We then moved on to out next destination along the Kilim River – the “Hole in the Wall” Fish Farm & Restaurant, the only floating restaurant in Langkawi. Since we were there only for a day trip, we did not get to savor the fresh seafood dishes available for lunch and dinner. Instead, we got a guided tour around the fish farm. There were many marine lives spotted here such as the giant-sized grouper, giant trevally (GT), barramundi, stingray, horse shoe crab (king crab), mangrove jack, snapper, batfish and many more. One of the main attractions of the day was the stingray feeding session. I have never seen such a close relationship between human and fish, where the stingray would let someone stroke on the head and hand fed. It was astonishing to see such actions! The other main attraction was the archerfish (ikan sumpit/spinnerfish) which is known to prey and accurately shoot down land based insects with water droplets from their specialized mouths as far as 3m away. They would also leap out of the water and grab the food with their mouths if the food were to be within reach. This was another interesting show for us.


I wished I could have stayed a bit longer to play with the fishes but it was time for us to move on to our next destination – the Eagle Feeding site. Upon reaching, the whole site was already filled with boats with hundreds of eagles soaring up above the skies waiting for the boats to throw out some chicken skins for their feeds. Two of the dominating birds of prey included the White-bellied Fish Eagle (Haliaeetus leucogaster) and the Brahminy Kite (Haliastur indus), twice smaller sized than the former. Both have sharp eyes and can seek any prey on land or water 2km away. The latter, with contrasting white head, breast and brown wings derived Langkawi’s name. “Lang” which derived from the Malay word for eagle – helang and “kawi” literally meant batu kawi, a sort of brown marble found abundantly on the island. I have to admit that with “bazooka” lens, DSLR or compact cameras of any make, shooting the swift flying eagles was a difficult task for us. Most of us ended up with hundreds of photos just for this site and yet only a handful of shots were deem to be almost perfect. I guessed we’ll need the National Geographic team to be in next time with their expertise. 😛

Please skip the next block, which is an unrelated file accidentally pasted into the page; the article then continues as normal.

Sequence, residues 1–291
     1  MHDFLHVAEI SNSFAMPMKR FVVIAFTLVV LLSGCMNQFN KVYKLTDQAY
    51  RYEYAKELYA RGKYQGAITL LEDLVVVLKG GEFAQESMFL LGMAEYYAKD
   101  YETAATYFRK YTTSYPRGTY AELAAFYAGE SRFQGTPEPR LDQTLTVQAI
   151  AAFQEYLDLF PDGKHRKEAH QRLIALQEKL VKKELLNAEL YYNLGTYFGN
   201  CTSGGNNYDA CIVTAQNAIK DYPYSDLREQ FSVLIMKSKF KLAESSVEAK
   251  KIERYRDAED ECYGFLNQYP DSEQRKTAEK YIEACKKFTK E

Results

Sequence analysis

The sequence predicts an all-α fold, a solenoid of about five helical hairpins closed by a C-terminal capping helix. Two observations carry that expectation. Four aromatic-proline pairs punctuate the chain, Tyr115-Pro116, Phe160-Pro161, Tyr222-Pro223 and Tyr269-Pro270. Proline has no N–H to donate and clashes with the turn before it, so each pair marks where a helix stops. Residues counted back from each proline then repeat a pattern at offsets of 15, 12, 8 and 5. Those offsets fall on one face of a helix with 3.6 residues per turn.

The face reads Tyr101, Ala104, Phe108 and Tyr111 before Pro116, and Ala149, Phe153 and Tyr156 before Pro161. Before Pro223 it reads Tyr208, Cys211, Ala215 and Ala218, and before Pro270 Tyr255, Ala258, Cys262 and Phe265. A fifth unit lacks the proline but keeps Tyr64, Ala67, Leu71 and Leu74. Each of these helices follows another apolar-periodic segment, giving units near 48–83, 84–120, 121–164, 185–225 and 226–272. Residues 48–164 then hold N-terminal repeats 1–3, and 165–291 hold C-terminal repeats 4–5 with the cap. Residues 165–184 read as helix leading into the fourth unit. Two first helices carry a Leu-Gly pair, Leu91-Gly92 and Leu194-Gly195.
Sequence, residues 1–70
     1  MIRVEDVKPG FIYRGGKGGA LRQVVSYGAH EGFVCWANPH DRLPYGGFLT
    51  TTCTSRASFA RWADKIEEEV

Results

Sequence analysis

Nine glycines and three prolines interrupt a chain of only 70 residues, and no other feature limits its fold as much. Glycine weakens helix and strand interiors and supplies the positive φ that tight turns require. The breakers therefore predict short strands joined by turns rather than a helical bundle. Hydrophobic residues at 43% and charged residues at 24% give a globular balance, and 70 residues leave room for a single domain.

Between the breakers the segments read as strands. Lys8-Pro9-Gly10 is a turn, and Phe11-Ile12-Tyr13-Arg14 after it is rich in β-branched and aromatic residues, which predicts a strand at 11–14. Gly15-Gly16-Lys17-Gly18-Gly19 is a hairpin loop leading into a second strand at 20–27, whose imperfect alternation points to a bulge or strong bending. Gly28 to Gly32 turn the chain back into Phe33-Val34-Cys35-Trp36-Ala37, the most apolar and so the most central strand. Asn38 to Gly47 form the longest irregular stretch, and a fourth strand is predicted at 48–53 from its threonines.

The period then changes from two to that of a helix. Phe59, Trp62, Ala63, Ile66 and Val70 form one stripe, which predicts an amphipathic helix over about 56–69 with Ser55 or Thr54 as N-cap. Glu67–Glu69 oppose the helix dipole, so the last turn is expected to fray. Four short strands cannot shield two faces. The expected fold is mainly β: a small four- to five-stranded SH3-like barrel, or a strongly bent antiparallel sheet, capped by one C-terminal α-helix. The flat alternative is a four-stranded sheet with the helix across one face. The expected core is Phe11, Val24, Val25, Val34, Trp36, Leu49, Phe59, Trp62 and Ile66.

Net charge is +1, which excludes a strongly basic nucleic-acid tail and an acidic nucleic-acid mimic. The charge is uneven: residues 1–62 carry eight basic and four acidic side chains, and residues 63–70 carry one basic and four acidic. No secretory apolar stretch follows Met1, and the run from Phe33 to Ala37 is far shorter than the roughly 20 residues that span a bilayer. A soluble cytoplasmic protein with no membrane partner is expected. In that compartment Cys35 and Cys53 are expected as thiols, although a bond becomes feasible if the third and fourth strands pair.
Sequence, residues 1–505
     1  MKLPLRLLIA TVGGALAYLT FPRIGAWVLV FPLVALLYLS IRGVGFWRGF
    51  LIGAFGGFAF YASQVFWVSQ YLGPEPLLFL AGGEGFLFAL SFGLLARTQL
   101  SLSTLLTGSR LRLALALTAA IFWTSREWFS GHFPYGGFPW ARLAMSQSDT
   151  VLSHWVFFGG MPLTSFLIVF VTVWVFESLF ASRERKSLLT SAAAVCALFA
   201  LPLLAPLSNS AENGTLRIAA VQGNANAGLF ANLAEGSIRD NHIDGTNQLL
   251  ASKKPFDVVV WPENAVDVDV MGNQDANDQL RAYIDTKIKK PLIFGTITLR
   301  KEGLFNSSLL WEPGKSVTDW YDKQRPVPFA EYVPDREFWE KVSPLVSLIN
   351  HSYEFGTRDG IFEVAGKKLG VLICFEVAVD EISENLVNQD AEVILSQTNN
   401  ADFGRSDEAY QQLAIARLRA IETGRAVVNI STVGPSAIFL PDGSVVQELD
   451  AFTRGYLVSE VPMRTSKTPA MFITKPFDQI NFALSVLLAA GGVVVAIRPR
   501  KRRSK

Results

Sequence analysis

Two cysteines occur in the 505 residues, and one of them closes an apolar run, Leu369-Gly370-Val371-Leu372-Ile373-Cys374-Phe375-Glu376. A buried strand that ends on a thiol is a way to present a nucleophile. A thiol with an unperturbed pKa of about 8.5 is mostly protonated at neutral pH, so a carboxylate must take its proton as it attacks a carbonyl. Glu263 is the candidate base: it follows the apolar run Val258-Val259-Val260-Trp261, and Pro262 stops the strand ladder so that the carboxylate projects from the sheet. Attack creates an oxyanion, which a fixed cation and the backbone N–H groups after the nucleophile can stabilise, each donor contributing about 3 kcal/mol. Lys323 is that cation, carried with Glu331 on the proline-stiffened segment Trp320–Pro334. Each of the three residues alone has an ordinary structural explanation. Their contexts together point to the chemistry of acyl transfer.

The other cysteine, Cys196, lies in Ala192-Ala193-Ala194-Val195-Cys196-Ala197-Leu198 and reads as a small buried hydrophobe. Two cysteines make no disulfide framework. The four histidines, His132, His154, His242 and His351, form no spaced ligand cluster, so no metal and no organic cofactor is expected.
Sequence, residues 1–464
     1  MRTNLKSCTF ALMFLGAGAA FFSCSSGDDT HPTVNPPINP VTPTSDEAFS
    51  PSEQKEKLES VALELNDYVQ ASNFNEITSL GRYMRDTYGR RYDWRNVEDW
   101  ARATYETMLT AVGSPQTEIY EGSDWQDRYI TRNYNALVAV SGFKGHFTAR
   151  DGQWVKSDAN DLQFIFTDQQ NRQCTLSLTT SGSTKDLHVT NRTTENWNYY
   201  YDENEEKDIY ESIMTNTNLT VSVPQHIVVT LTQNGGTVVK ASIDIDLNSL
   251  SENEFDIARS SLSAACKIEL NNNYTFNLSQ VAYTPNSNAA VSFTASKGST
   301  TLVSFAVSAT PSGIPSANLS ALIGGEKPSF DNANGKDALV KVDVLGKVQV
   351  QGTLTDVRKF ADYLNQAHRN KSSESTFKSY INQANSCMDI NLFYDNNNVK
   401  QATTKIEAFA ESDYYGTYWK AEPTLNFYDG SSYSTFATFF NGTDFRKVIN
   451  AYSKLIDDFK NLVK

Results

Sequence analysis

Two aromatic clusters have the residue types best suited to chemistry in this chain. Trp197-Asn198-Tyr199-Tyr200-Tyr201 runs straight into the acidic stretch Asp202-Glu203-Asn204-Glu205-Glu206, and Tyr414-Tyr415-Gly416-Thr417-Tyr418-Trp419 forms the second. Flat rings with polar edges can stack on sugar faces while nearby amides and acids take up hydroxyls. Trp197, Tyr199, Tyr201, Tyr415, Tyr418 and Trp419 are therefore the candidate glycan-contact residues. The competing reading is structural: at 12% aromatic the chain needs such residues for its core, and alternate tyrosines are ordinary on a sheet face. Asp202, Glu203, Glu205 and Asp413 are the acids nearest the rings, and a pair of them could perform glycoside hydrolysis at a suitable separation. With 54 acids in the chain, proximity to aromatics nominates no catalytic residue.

Well, it was time for us to end our nature tour and head back to Jetty Point to catch our ferry home. It was indeed a hectic trip and I wished we could have more time on the island to catch up with the rest of the interesting sites. Most of the time was spent just on traveling by sea and by road with little left for sightseeing. As a blogger, photography is something that we are all enthusiastic about and a tight schedule for any activity would not allow us to get the best out of any event. We have to forgo visiting the Eagle Square as per itinerary due to lack of time. Moreover, we were left with barely 15 minutes of shopping time to grab whatever little gifts we had in mind. I won’t blame the tour operator on this issue but would rather advise the ferry consortiums to have a more realistic departure time. Maybe, the last ferry could be extended to 6.00pm instead of the present 5.15pm? As for our tour package, we were given a snack meal and a bottled drink as dinner.


As the journey home would take another 3 hours, we took the opportunity to fully utilize our time by shooting more photos of the sceneries out there. The sunset at the horizon overseeing the Andaman Sea was amazingly beautiful… so was our so-called model of the day~ Laici 😛 We berthed at the Swettenham Pier at 8.30pm and headed to the Tree Shade Restaurant along Weld Quay for our dinner. It was a fun-filled trip and we get to understand each other better now. 🙂


For purchasing your ticket to Langkawi or Pulau Payar, please visit:
Langkawi Saga Travel & Tours Sdn Bhd
16 Jalan Tanjung Bungah, Georgetown, 11200 Penang, Malaysia
Tel: 604-899 8822
Fax: 604-890 6068
Email: sales@langkawicoral.com
Website: http://www.langkawicoral.com
GPS: 6.0654, 100.0433